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Hamm v. Wilson

United States District Court, E.D. Virginia, Richmond Division

December 19, 2014

RICKY HAMM, Plaintiff,
v.
ERIC WILSON, et al., Defendants.

MEMORANDUM OPINION (Granting Defendant's Motion to Dismiss)

HENRY E. HUDSON, District Judge.

Ricky Hamm ("Hamm"), a federal inmate confined in the Federal Correctional Complex in Petersburg, Virginia ("FCC Petersburg"), filed suit[1] in the Circuit Court of Prince George County, Virginia ("Circuit Court") against Defendants[2] for breach of contract. Defendant Wilson[3] removed that case to this Court. This matter is before the Court on: (1) Defendant Wilson's Motion to Dismiss or, in the Alternative, (2) for Summary Judgment ("Motion to Dismiss, " ECF No. 2; "Motion for Summary Judgment, " ECF No. 3); (3) Hamm's Motion for Remand (ECF No. 6); and (4) Hamm's Motion to Amend, or in the Alternative, to Transfer to the Court of Federal Claims ("Motion to Amend, " ECF No. 8; "Motion to Transfer, " ECF No. 9). For the reasons set forth below, the Court will grant Defendant's Motion to Dismiss for lack of subject matter jurisdiction.

I. Procedural History

Hamm, a federal inmate proceeding pro se, filed suit in the Circuit Court against "Federal Bureau of Prisons, Inc." and "Petersburg, Low."[4] (Compl. at 3.) The Complaint alleges that Defendants breached contracts "in the first instance and as a third-party beneficiary." ( Id. )

On August 29, 2014, Defendant Wilson filed a Notice of Removal of State Court Action to United States District Court. ("Notice of Removal, " ECF No. 1.) On September 5, 2014, Defendant Wilson filed a Motion to Dismiss (ECF No. 2) and Motion for Summary Judgment (ECF No. 3).

On September 17, 2014, Hamm filed a "Notice for Remand to State Court" ("Motion to Remand, " ECF No. 6), which the Court construes as a Motion to Remand.[5] Defendant Wilson filed an Opposition to Motion to Remand (ECF No. 7).

On October 7, 2014, Hamm filed a Motion to Amend (ECF No. 8) and Motion to Transfer to the Court of Federal Claims (ECF No. 9). Defendant Wilson responded with an Opposition to the Motion to Amend and Motion to Transfer (ECF No. 10). On October 28, 2014, Hamm filed an untitled Memorandum of Law and Facts (ECF No. 11).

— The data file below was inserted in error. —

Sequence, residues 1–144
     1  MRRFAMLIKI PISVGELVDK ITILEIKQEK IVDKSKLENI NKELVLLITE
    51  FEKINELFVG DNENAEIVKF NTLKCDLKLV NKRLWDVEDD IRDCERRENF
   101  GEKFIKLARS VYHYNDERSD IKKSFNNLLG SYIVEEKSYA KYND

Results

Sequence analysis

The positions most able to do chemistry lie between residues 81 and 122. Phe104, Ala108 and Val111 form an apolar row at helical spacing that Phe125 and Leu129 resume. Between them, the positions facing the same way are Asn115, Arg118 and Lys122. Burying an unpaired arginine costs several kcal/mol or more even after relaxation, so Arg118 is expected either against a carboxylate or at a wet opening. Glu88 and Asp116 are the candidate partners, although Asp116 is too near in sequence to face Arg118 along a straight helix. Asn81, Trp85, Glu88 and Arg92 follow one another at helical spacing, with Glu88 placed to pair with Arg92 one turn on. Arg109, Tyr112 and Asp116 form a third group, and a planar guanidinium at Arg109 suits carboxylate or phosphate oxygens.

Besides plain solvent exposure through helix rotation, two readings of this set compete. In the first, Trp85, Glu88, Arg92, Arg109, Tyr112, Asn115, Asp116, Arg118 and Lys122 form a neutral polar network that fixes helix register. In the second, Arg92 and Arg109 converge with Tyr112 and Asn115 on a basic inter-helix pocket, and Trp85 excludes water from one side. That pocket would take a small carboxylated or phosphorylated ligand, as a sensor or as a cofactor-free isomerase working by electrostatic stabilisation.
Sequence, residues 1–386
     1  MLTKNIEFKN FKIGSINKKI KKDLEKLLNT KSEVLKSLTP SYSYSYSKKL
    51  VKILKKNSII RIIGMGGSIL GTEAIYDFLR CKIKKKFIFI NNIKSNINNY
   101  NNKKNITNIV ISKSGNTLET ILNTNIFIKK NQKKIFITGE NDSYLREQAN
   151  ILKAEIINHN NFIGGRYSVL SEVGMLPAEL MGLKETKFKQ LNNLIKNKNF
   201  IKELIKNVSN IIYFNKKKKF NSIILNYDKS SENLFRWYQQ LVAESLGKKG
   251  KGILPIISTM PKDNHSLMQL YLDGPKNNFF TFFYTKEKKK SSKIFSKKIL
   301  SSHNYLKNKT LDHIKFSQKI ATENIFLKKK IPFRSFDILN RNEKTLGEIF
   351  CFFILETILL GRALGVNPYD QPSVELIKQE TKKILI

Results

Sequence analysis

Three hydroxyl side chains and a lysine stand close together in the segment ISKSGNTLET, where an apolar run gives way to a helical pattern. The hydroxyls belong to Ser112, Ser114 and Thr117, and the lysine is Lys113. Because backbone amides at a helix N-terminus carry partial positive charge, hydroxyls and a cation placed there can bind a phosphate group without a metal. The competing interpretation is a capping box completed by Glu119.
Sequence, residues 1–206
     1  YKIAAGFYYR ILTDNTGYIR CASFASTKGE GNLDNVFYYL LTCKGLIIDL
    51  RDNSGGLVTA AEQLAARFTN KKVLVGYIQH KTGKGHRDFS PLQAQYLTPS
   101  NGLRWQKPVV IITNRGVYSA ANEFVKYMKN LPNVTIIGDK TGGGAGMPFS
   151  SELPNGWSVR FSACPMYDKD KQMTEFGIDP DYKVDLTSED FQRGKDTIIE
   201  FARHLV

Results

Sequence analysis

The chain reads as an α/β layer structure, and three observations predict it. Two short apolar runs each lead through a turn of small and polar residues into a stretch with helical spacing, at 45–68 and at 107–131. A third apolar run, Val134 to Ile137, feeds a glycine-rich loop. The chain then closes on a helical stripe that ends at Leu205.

II. Summary of Allegations

Hamm's contends that a variety of conditions at the FCC Petersburg are unsuitable. The unsuitable conditions of the facility, Hamm avers, include violations of the fire code, "over capacity of the facilities and buildings, " "inmates being subjected to second hand smoke, " "officers stealing food from the kitchen, " and "violati[on] of the code regarding capacity of facilities buildings."[6] (Compl. at 6-7.) Hamm argues that 18 U.S.C. § 4002[7] and § 4042, [8] along with the United States Department of Housing and Urban Development's regulations for housing, 24 C.F.R. § 5.703, constitute "contracts" between the BOP and the United States, that he is a third party beneficiary to these "contracts, " and that his conditions of confinement constitute a breach of those contracts. ( Id. at 5-6.) Hamm seeks ad damnum in the form of $10, 000, 000 in real damages per defendant and $50, 000, 000 in punitive damages. ( Id. at 8.)

III. Lack of Jurisdiction

"Federal courts are courts of limited jurisdiction." Kokkonen v. Guardian Life Ins. Co. of Am., 511 U.S. 375, 377, 116 S.Ct. 1673, 1675 (1994). They possess only such power as is authorized by the Constitution or conferred by statute. Id Absent a finding of subject matter jurisdiction, this Court has no adjudicative authority to proceed further. Steel Co. v. Citizens for a Better Env't, 523 U.S. 83, 94, 118 S.Ct. 1003, 1012, 140 L.Ed.2d 210 (1998). As explained below, because the Circuit Court lacked jurisdiction over Hamm's claims, so too does this Court.

A. Sovereign Immunity and Waiver

"Absent a waiver, sovereign immunity shields the Federal Government and its agencies from suit. Sovereign immunity is jurisdictional in nature. Indeed, the terms of [the United States'] consent to be sued in any court define that court's jurisdiction to entertain the suit." FDIC v. Meyer, 510 U.S. 471, 475 (1994) (alteration in original) (internal citations and quotation marks omitted) (citing United States v. Mitchell, 463 U.S. 206, 212 (1983); United States v. Sherwood, 312 U.S. 584, 586 (1941)).

The statutes and regulation Hamm cites in his Complaint, 18 U.S.C. §§ 4002, [9] 4042[10] and 24 C.F.R. § 5.703[11] do not create a private right of action against the United States for breach of contract. See, e.g., Touche Ross & Co. v. Redington, 442 U.S. 560, 569 (1979) (refusing to find a statute created an implied private remedy when it ...


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